Plan B – Review

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Plan B is in line with movies like Booksmart (2019), Unpregnant (2020), or the television series Never Have I Ever. The protagonist is an outsider teenage girl who has a crush on a popular man, a loyal friend who cares about the devil in the world, the awkwardness of first sex, a popular white girl as a rival for love. Sounds cliché.

In the hands of Natalie Morales as director and scriptwriter, Plan B is like a journey, where we stop at some familiar checkpoints. How we arrive at each checkpoint is unexpected.

Sunny (Kuhoo Verma) is a teenager of Indian descent who is foreign to things around sex. Maybe one of them is because of the poor education in schools. In a biology class, the teacher shows an old educational video that compares the female reproductive system to a car. “Women must maintain their virginity, because no man wants to ride in a used car.” That’s the message. No wonder Sunny opened a biology book only when masturbating using pictures of male anatomy. Top Movie Site

Only Lupe (Victoria Moroles) wants to be our protagonist’s friend. Opposite to Sunny, Lupe is a rebellious teenager. Dyed hair, pierced nose, black lipstick coloring his lips who like to smoke marijuana vape. Lupe suggests Sunny to hold a party at home, to attract the attention of Hunter (Michael Provost), the idol of his heart. The party starts, Sunny gets drunk, then loses her virginity.

Unfortunately, the first sex didn’t live up to Sunny’s expectations. Even now she is haunted by fears of getting pregnant. So Sunny, accompanied by Lupe, goes on a journey to get plan b aka emergency contraceptive pills. The journey seems easy, but of course a road trip brings the character to meet various obstacles, including encounters with various unique figures.

The less you know about “what” and “who” the better, because Morales offers a variety of scenarios to make this familiar journey full of twists and turns. The events that triggered Sunny to think that she could potentially be pregnant, until her fight with her best friend (which seemed a must for this kind of film as a second and third act transition), all came unexpectedly. And most importantly, funny. Especially Lupe’s figure. Best Movie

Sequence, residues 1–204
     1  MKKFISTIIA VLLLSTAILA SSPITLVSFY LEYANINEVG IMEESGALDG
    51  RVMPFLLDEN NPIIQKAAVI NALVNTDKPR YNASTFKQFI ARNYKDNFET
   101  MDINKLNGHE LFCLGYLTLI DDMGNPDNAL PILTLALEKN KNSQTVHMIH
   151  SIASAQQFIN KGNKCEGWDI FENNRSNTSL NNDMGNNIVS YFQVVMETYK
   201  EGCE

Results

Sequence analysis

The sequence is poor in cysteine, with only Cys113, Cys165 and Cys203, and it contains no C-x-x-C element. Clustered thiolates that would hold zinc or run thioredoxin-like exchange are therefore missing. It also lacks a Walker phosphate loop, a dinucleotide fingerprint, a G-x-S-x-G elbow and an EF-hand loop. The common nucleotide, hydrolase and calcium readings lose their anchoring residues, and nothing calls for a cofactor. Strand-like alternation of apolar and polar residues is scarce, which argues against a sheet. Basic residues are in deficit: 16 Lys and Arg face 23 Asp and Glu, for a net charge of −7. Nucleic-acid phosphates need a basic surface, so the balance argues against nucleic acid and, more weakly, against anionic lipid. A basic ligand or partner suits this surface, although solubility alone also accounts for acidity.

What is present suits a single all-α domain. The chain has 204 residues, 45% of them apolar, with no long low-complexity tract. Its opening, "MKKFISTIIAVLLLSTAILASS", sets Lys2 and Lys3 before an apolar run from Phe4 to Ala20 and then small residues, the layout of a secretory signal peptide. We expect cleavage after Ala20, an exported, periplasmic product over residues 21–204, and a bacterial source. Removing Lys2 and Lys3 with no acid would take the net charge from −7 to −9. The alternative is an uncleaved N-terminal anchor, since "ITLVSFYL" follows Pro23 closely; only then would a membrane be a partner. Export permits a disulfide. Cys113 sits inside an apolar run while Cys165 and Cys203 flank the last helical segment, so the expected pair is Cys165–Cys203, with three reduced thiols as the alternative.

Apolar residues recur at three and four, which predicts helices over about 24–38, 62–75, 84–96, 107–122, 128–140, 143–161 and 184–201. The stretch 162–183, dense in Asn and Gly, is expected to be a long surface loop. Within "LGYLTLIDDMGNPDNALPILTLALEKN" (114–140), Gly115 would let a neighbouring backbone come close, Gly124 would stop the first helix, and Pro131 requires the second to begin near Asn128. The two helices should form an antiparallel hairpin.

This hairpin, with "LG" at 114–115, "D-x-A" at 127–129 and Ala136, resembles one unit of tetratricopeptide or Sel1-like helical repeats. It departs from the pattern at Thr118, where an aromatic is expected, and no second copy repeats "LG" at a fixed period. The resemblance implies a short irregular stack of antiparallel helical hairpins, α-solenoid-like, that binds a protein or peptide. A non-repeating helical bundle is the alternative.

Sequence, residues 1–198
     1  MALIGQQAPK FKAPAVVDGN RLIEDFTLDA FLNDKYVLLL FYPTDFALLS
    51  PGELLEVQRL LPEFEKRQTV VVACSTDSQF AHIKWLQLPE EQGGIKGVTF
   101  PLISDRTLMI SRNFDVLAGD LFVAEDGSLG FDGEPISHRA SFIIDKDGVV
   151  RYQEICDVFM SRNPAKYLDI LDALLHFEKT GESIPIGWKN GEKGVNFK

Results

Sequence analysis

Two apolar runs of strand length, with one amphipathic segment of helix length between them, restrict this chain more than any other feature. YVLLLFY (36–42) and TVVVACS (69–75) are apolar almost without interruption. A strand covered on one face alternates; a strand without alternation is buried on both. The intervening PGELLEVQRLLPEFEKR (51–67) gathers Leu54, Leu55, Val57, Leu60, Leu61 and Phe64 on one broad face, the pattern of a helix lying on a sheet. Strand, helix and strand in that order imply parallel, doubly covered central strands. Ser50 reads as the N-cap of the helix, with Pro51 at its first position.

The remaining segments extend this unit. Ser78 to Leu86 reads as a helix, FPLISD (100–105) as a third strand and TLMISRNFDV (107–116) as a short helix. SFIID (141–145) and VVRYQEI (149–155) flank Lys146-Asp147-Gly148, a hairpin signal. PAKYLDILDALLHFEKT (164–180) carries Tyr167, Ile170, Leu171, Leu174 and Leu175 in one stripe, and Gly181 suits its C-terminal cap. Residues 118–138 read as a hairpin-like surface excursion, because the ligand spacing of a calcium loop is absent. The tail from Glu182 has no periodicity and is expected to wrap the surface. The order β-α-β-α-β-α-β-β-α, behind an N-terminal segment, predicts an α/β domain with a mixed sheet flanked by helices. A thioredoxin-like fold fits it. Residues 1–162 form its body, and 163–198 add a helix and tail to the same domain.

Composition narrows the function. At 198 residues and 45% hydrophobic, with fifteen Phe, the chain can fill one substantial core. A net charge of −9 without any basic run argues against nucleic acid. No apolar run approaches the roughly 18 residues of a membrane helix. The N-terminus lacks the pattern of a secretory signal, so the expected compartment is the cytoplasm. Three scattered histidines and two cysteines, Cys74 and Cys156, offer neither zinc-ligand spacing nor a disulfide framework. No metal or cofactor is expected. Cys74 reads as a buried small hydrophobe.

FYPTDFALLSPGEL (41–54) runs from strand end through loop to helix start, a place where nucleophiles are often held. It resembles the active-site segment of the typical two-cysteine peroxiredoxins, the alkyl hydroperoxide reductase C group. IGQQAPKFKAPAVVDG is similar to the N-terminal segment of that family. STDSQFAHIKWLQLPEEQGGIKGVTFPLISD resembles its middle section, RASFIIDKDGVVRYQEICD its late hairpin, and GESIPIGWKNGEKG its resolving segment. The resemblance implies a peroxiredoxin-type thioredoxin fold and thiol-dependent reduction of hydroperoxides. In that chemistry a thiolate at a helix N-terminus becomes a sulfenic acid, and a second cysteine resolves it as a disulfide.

Watching it here, I’m sure Victoria Moroles’ career will skyrocket soon, at least on the indie and festival circuits. His appearance is funny, natural, and doesn’t get caught up in the stereotypical style of rebellious teenage characters (Morales’ writing also contributes greatly to this), which is identical to the angsty impression and deadpan acting style. Moroles are more expressive and warm.

Whereas Verma displayed understandable naivety. It was natural for Sunny to be so afraid of sex. He is a product of a conservative society, which views all forms of sexuality as taboo in the name of morality. A social order that actually corners women. Who is the most harmed by the inconsequential educational video above? Woman. Who will suffer the most when the sale of contraceptive pills is made difficult? Woman.

We see different fears when men and women are exposed to the risk of pregnancy. The man is worried about sin, which is finally cured because he believes that God is forgiving. On the other hand, if pregnancy does occur, it will be the public who will be the most vocal in judging the woman, who is certainly not as generous as God. What for men is an earthquake, for women it could be the end of the world.

Improving the education system is a major factor, but it certainly takes a long time. Plan B, through its touching finale, offers a simpler, but effective, initial solution. The solution lies in the hands of parents. This sentence from Lupe’s father (Jacob Vargas), perfectly sums it up. “It’s not my job to judge you, but it’s my job to be your dad no matter what”. Movie Review

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